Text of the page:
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0 parents commit 48f868d7a68ecac582104a1080a1e3d67b40a629 @miyagawa committed Nov 12, 2011
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  1. +148 −0 cpanfile-faq.pod
  2. +63 −0 cpanfile.pod
148 cpanfile-faq.pod
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+=head1 NAME
+
+cpanfile-faq - cpanfile FAQ
+
+=head1 QUESTIONS
+
+=head2 Does cpanfile replace Makefile.PL or Build.PL?
+
+No, it doesn't. C<cpanfile> is a simpler way to declare CPAN
+dependencies, mainly to I<your application> rather than CPAN
+distributions.
+
+In fact, most CPAN distributions do not need to switch to C<cpanfile>
+unless they absolutely want to take advantage of some of the features
+(see below). This is considered a new extension for applications and
+installers.
+
+=head2 Why do we need yet another format?
+
+Here are some of the reasons that motivates the new L<cpanfile>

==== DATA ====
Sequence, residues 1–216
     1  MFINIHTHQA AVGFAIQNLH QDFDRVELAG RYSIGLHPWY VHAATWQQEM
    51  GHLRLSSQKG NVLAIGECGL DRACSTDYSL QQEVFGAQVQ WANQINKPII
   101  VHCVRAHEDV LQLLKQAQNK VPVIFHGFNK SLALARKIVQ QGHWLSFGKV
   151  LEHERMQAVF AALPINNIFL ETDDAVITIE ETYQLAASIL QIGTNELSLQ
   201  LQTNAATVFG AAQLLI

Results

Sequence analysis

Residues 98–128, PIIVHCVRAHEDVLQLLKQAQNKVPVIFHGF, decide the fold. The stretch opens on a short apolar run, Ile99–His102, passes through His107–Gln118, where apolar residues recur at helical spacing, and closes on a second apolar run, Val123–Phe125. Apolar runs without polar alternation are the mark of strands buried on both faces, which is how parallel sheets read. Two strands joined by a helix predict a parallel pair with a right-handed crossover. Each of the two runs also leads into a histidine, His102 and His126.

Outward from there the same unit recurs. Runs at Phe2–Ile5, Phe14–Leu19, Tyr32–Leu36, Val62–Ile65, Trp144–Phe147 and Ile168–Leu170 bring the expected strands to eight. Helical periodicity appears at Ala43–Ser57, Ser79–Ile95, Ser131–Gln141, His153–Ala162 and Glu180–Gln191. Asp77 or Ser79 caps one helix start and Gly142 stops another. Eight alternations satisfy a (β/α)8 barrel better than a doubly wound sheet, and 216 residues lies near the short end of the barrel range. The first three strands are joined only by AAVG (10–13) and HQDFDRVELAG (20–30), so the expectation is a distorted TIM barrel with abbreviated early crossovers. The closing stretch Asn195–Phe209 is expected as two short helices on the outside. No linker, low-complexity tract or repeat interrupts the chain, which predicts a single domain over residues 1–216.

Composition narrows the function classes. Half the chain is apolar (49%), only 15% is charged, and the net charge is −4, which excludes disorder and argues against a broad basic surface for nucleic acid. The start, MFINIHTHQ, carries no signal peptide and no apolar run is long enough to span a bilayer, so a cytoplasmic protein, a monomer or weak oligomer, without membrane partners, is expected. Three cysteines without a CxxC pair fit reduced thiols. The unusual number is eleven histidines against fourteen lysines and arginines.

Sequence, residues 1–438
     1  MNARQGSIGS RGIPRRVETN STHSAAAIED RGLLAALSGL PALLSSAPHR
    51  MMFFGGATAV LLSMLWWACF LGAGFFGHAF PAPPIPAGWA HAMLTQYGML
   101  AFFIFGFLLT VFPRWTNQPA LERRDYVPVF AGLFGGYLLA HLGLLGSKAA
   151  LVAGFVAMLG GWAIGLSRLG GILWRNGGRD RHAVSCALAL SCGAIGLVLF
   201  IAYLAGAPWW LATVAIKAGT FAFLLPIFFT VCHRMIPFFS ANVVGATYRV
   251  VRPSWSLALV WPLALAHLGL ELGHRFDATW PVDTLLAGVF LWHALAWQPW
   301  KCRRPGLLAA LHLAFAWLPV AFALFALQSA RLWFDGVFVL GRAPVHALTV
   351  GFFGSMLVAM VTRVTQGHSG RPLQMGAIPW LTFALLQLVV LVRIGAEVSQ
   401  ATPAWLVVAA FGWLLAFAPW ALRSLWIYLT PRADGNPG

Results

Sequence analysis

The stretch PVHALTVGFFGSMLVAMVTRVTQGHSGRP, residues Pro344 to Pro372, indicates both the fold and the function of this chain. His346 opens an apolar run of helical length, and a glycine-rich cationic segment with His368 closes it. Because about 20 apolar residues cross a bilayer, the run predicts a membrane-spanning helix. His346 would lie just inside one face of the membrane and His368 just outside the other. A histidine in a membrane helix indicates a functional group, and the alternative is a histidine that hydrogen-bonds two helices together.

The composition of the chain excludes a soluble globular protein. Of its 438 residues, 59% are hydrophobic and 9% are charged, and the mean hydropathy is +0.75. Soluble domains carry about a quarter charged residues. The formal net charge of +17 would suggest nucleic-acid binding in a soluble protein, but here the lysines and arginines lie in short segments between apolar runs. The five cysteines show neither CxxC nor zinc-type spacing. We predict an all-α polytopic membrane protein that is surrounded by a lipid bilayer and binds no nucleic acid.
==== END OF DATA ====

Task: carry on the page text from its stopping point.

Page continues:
+format.
+
+=over 4
+
+=item Not everything is a CPAN distribution
+
+First of all, it is annoying to write Makefile.PL when what you
+develop is not a CPAN distirbution.
+
+It gets more painful when you develop a web application that you want
+to deploy on a different environment using version control system
+(such as cloud infrastructure), because it requires you to often
+commit the META file or C<inc/> directory (or even worse, botu) to a
+repository when your build script uses non-core modules such as
+L<Module::Install> or L<File::Copy::Recursive>.
+
+Many web application frameworks generate a boiler-plate C<Makefile.PL>
+for dependency declaration and to let you install dependencies with
+C<< cpanm --installdeps . >>, but that doesn't always mean they are